By Jay Cridlin
Times Staff Writer
On the night of the Grammy Awards, as the rest of the music industry was busy fawning over itself in Los Angeles, Grace Potter and the Nocturnals were 2,800 miles away in Canton, N.Y., marking their 10th anniversary at St. Lawrence University, the college where the band got its start.
It seemed like a perfectly planned kiss-off to the industry. But Potter insists it was just a coincidence.
"There's gonna be a time when it's time to invest in that world," said Potter, a former Grammy nominee herself. "Now is not that time. Now is the time to be thankful for the past 10 years."
Besides, she said with a laugh, "There's no Grammy for touring. If there was, we would totally win."
Over the past 10 years, the Vermont-based Nocturnals have evolved from coffeehouse jam band into one of America's slickest original rock 'n' soul dynamos. Potter herself has led the charge: She emerged from behind her treasured Hammond B3, dyed her chestnut locks blond, and traded her sensible denim and flannel for short skirts and sky-high stilettos.
And while the Nocturnals can still crank out a 10-minute hootenanny or two, Potter's bewitching wail and sex appeal have made her something of a modern-day Tina Turner. She has never been in greater demand for TV appearances and A-list collaborations, such as You and Tequila, her smash duet with Kenny Chesney; and new album The Lion the Beast the Beat, which features three songs co-written by the Black Keys' Dan Auerbach.
Potter and the Nocturnals will bring their electric stage show to Jannus Live in St. Petersburg on Friday. Potter called us recently to talk about style, sex appeal and selling out. Here are excerpts.
Give me your review of Beyoncé's halftime performance.
I really loved it. A lot of people on Twitter got mad because I was complimenting her, and people were responding like, "Are you crazy? That was awful!" What was awful about it? She's iconic. She's one of the only women out there performing in a way that, to me, is compelling sexually and musically. There's a fearless female energy that you can't deny, but also, I think if she was a man doing exactly what she was doing, I would love it just as much. She transcends gender and genre.
"Compelling sexually" — that's a pretty interesting phrase. Is that a spirit you try to embody onstage?
I don't try to. People think it's this intentional thing, but it's really not. You're kind of genetically given what you're given. You watch videos of me as a kid, and I was doing it when I was 3 — it just wasn't sexy. It's one of the larger issues of my career, is people thinking that I'm intentionally trying to sell it, or make it more commercial, or make it sexy. Sexuality just comes through because that's what the music is begging for. It's not about, "I'm gonna pull all these come-hither looks and blow people's minds." It's more, "I can't help but move this way when the music does what it does." It's a hard thing to explain, especially being a woman who likes to not wear pants and likes to flip her hair around. It almost just seems ridiculous to try to defend it.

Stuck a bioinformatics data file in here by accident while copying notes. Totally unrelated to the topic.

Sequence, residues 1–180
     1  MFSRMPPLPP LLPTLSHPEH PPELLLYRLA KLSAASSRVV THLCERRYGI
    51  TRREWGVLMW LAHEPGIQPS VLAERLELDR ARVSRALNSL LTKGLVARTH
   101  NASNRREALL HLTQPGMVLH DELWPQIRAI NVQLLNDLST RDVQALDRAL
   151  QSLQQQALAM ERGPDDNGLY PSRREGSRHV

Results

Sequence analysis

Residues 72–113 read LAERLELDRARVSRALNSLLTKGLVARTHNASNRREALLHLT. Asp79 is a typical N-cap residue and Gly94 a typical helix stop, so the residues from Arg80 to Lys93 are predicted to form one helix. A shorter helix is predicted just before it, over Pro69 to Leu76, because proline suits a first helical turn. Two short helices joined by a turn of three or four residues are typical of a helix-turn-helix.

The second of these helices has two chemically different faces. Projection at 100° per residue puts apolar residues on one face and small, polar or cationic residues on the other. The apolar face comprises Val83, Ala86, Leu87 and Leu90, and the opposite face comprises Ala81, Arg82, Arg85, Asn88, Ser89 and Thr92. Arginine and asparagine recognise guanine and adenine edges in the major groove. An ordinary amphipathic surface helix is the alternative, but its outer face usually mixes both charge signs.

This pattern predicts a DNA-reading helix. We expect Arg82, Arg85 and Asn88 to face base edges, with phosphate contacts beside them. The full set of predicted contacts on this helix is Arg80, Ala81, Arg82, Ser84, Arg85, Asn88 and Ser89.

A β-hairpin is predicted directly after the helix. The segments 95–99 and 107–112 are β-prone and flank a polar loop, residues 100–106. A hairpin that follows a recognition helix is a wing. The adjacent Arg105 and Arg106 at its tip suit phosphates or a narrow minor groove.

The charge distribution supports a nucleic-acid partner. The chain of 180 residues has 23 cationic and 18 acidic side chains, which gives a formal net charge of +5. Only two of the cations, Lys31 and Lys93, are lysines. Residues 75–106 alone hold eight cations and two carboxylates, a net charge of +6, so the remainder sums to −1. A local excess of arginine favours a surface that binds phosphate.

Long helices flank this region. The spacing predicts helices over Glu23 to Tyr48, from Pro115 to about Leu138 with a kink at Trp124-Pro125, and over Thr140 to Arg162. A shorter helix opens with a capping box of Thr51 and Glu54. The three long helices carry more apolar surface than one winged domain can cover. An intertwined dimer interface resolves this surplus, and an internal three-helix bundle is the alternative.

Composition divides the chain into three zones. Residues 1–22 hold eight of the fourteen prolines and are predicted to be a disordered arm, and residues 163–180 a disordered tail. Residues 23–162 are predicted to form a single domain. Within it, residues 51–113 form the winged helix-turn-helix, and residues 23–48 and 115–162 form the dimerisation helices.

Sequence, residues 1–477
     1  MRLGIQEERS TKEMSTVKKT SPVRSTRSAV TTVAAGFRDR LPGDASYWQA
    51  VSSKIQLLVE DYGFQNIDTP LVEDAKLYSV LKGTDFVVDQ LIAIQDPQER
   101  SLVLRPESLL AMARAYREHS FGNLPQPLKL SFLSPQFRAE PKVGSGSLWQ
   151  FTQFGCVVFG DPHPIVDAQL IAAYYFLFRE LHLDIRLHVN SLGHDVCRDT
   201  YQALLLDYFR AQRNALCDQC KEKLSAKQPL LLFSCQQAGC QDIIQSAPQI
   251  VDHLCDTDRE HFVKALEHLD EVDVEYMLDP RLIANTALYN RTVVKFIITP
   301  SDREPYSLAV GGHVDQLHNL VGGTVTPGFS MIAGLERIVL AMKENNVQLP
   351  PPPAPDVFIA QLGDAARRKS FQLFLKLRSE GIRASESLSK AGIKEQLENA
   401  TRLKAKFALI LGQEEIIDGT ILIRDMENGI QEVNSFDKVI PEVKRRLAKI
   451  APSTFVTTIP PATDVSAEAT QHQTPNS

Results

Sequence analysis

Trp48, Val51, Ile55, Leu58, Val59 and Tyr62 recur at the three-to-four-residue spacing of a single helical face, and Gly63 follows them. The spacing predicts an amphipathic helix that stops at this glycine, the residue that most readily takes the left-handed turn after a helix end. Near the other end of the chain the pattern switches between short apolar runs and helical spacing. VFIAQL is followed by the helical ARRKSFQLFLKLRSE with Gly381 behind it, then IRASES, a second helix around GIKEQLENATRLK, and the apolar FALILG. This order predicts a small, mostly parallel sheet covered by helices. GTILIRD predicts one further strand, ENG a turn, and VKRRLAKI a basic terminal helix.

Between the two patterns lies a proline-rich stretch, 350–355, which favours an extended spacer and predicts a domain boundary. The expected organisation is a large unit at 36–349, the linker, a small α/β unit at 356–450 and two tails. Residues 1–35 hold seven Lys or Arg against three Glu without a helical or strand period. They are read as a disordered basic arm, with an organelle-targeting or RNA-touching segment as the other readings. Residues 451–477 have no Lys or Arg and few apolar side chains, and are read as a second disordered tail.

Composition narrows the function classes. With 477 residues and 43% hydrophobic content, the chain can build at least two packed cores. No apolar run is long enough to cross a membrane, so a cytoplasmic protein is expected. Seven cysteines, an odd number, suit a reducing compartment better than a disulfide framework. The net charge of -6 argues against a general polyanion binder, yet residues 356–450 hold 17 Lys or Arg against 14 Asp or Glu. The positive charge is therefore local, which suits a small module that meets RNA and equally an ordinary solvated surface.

On the deluxe version of The Lion the Beast the Beat, two of the bonus tracks, Roulette and All Over You, are really good. It made me wonder why you left them off the album in the first place. And then it struck me that they sound more polished than the other 11 tracks.
All Over You and Roulette represented a direction that I had been going in before turning the album in another direction. It was all feeling very commercial — not that that's not a good thing; we shamelessly enjoy writing pop songs — but it was aiming for something that I didn't want to land on. And there were about 10 more songs just like that. They were very pop-sensitive and very emotional, and at the same time raw and energetic, but polished, certainly — the studio recordings came out very polished and sort of overthought. I couldn't fathom suffering through another 10 tracks like that. I was so miserable. I really hated it. I felt completely disconnected from the songs, and really didn't enjoy performing them or listening to the recordings. And then, obviously, as the project grew and the direction changed, I fell back in love with those songs, and I can see the merit in them, and why they had to make it onto at least the bonus tracks.
There have to be people in your life who said, "Grace, these are possible hit songs. Why would you shy away from doing more of this?"
Oh, yeah. (laughs) The record company was very confused. But it wasn't time for that record. We sometimes refer to it as "fame management." There's a certain kind of famous that I don't want to be. I don't want to be Katy Perry. There's a level of privacy in my life that I hope I'll always be able to enjoy, and what songs you put out into the world can sometimes affect that. I'd rather have a medium-successful record and a happy life than a massively successful record and a bunch of f---ing security guards following me around.